“We are so wild inside,” you say, finally, and you’re not sure if you’re serious or mocking her seriousness. You’re not sure but you know it’s true. You keep your tangled heart a secret but you know it looks the same as hers. Looking at her, it beats and beats against the cage of your ribs, and you want to touch her but you don’t. As if touching her could calm it down, as if you could drown yourself in her skin and hear nothing, not your own heart’s beat, not the fish swimming through the houses, not the water lapping overhead. She sits across from you on the dock and suddenly you know that all of this has been a mistake. She is right. She cannot give you what you want.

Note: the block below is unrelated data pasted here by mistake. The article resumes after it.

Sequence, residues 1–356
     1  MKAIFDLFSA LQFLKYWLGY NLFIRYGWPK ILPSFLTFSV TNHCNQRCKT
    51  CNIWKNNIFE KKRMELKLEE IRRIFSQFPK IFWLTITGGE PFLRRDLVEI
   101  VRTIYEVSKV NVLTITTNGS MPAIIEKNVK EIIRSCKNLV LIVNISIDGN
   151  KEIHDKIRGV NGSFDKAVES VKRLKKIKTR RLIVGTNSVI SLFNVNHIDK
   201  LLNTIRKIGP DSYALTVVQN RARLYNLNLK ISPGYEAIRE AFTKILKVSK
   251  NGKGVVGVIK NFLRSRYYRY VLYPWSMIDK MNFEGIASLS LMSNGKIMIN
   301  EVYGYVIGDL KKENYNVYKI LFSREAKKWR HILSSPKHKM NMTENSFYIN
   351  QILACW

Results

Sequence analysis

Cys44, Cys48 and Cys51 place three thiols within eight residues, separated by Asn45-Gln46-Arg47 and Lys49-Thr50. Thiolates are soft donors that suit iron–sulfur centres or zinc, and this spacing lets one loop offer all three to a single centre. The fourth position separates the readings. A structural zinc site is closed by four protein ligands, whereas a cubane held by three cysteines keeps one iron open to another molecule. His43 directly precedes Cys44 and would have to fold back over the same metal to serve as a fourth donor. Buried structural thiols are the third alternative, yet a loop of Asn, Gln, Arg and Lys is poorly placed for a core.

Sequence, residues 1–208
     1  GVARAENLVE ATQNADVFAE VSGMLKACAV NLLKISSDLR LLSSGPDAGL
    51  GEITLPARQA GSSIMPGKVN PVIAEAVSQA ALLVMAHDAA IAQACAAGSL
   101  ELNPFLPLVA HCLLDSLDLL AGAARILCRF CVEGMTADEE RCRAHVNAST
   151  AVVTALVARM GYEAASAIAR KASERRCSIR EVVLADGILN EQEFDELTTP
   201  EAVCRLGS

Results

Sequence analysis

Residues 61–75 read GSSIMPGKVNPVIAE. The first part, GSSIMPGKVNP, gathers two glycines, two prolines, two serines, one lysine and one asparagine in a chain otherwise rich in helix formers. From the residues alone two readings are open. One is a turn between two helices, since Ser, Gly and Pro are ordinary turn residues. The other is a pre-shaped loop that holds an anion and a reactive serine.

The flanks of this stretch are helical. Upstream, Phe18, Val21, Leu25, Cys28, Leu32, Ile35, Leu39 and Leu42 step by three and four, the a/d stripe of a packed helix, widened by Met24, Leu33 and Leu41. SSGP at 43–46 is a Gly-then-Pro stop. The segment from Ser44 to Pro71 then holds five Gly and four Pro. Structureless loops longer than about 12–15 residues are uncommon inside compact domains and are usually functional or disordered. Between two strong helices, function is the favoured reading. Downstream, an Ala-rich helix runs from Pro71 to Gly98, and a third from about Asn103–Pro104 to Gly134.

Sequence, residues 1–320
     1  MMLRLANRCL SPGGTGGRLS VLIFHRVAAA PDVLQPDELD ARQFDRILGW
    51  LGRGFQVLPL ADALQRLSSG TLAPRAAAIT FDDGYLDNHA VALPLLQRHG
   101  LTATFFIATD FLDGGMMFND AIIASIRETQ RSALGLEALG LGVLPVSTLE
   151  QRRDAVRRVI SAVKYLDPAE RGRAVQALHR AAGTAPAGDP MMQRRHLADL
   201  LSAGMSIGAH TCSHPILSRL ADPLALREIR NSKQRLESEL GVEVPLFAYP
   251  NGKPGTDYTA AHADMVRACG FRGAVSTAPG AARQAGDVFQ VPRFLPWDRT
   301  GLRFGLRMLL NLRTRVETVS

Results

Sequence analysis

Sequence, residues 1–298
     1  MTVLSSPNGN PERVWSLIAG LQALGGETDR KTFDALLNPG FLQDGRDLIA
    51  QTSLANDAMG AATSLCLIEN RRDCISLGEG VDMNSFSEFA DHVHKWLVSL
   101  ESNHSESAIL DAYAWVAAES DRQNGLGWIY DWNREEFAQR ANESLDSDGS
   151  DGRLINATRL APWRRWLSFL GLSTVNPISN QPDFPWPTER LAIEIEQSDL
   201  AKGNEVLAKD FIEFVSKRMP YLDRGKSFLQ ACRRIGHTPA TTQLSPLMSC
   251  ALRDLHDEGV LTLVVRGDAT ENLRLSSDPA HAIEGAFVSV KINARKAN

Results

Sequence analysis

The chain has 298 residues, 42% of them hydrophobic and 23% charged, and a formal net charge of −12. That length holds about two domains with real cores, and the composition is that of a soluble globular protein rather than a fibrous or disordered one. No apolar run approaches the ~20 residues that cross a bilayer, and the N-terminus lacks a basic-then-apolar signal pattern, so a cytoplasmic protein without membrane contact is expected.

People are frightened of themselves. It’s like Freud saying that the best thing is to have no sensation at all, as if we’re supposed to live painlessly and unconsciously in the world. I have a much different view. The ancients are right: the dear old human experience is a singular, difficult, shadowed, brilliant experience that does not resolve into being comfortable in the world. The valley of the shadow is part of that, and you are depriving yourself if you do not experience what humankind has experienced, including doubt and sorrow. We experience pain and difficulty as failure instead of saying, I will pass through this, everyone I have ever admired has passed through this, music has come out of this, literature has come out of it. We should think of our humanity as a privilege.